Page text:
NEW YORK (CNNfn) - Treasury bond prices fell for the six consecutive trading session Thursday morning on continuing fears that another interest rate hike lies ahead -- fears fueled by expectations of a strong August employment report on Friday.
Just before 9:15 a.m, ET, the price of the benchmark 30-year Treasury bond fell 16/32. Its yield, which moves in the opposite direction from the price, rose to 6.11 percent from 6.08 percent Wednesday.
The morning's sell-off comes amid a series of bond market negatives, including a weakening dollar, rising commodity prices, and fears over a large calendar of new corporate bonds scheduled for sale in September.
But the biggest concern among bond investors is a continued batch of strong economic data, from housing starts to manufacturing output, that is fueling fears about a possible third interest rate hike before year's end.
"We don't see any indication that the Fed would have caused to start talking more tolerantly about monetary policy," said Christine Callies, strategist at Credit Suisse First Boston. "And we don't think the bond market has any particular reason to go down to lower yield levels."
In the day's first economic indicator, the number of Americans filling for first-time unemployment benefits rose to 289,000 for the week ended Aug. 28, up from a revised 285,000 the previous week. The figure, which matched forecasts, is consistent with the tight labor market and low unemployment that has existed for the past two years.
The strong data comes 24 hours before the Labor Department releases August employment figures. Analysts expect the unemployment rate to remain unchanged at 4.3 percent, near a 30-year low, with employers adding 220,000 non-farm jobs during the month.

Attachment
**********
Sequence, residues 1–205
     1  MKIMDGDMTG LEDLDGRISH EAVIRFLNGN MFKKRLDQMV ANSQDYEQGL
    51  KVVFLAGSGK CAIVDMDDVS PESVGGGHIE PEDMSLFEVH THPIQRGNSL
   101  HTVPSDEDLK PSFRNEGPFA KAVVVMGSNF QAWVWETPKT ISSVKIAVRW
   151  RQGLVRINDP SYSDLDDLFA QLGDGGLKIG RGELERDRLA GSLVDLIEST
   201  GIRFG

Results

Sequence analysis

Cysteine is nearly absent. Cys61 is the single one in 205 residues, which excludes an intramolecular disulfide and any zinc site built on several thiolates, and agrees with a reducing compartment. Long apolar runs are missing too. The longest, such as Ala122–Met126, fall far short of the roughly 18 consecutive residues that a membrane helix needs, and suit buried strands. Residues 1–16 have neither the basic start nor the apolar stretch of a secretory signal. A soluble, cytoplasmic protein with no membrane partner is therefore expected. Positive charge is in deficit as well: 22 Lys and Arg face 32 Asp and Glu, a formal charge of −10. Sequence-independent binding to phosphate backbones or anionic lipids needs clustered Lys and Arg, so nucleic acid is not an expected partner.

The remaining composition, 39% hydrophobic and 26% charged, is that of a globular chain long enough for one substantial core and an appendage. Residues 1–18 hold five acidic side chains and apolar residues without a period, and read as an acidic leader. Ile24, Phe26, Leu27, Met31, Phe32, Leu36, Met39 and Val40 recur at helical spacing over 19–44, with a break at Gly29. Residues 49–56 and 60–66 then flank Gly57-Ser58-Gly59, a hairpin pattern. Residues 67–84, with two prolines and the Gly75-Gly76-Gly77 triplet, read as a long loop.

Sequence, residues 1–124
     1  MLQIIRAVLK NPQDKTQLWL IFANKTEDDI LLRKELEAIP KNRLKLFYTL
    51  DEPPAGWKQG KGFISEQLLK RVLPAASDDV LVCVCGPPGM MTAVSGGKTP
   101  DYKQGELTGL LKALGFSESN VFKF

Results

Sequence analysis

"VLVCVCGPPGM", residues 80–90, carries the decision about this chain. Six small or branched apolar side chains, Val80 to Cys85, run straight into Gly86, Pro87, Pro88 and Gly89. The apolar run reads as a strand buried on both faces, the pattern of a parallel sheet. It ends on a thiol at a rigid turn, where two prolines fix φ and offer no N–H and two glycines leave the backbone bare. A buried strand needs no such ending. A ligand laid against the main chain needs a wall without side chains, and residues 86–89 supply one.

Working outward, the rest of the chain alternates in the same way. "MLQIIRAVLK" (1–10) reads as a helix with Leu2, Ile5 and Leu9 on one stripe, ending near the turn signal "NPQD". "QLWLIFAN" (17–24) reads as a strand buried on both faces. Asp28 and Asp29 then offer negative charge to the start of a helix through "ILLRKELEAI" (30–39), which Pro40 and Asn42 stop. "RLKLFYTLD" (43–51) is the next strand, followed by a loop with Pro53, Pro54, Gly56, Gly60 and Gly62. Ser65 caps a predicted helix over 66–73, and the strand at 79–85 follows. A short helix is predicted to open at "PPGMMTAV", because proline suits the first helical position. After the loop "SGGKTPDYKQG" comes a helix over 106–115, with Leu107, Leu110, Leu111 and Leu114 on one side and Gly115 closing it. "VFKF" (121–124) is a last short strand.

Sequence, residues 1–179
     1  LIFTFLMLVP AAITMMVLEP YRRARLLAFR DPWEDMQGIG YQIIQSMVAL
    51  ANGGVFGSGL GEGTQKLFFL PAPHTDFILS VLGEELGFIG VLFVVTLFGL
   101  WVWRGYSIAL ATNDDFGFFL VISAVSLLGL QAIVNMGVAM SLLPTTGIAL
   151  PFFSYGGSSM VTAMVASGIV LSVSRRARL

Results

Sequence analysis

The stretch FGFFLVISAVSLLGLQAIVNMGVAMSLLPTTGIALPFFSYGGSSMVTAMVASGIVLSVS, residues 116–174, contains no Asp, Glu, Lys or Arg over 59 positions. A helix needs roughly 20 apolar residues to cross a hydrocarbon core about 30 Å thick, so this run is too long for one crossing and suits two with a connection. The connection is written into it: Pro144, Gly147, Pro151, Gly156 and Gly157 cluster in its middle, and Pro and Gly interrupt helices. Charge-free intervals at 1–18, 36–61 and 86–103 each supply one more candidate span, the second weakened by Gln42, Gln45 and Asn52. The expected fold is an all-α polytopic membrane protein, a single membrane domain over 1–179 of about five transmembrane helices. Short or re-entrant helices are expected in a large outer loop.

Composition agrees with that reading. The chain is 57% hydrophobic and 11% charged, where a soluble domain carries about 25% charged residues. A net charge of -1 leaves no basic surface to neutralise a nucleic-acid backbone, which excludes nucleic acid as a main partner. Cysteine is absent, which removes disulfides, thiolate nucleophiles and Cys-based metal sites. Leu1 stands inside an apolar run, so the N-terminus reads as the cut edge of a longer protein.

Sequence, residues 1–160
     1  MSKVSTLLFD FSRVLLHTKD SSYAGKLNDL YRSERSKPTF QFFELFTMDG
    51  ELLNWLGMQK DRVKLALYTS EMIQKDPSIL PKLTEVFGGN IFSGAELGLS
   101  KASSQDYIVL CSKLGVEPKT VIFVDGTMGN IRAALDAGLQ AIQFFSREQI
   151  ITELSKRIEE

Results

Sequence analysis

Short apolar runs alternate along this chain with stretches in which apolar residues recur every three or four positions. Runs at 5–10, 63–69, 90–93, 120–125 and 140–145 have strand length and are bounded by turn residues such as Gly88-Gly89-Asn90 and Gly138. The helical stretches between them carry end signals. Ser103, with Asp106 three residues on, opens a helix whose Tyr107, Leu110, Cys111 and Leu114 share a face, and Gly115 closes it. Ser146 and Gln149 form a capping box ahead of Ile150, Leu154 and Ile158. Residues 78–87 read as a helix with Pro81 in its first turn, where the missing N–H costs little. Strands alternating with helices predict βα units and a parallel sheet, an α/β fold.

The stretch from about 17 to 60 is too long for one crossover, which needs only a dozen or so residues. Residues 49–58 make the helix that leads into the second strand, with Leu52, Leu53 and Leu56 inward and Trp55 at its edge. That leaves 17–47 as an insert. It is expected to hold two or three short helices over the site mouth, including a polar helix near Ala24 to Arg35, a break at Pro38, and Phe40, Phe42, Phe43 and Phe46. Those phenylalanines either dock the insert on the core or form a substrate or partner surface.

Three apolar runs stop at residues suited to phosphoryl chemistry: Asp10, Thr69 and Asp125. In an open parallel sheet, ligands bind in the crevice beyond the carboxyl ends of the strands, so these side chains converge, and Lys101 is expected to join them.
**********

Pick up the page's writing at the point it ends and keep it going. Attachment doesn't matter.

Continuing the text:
Already, fears of rising inflation have led the Federal Open Market Committee to hike short-term interest rates by a quarter percentage point in both June and August.
Ahead Thursday at 10 a.m., ET, the Labor Department will issue another reading on second-quarter productivity, which is expected to have risen 0.8 percent, compared with 1.3 percent in the first reading last month. Also at 10 a.m, Commerce Department reports on July factory orders. Estimates call for a 1.8 percent increase, compared with 0.7 percent growth a month earlier.
Strength in factory orders would come amid a trend of rising orders for durable goods and a rebound in manufacturing. Much of this rebound has been linked to increased demand for American goods from overseas, as Asia -- and Japan in particular -- appear to be recovering from recession.
This recovery, in turn, has affected the currency market, where the dollar continues to trade near seven-month lows to the Japanese yen
Just before 9:15 a.m. ET, the dollar slipped to 109.09 yen from 109.20 Wednesday, a 0.10 percent drop in the dollar's value. The U.S. currency also slipped against the euro. It cost $1.0672 to buy one euro compared with $1.0580 Wednesday, a 0.16 percent drop in the dollar's value.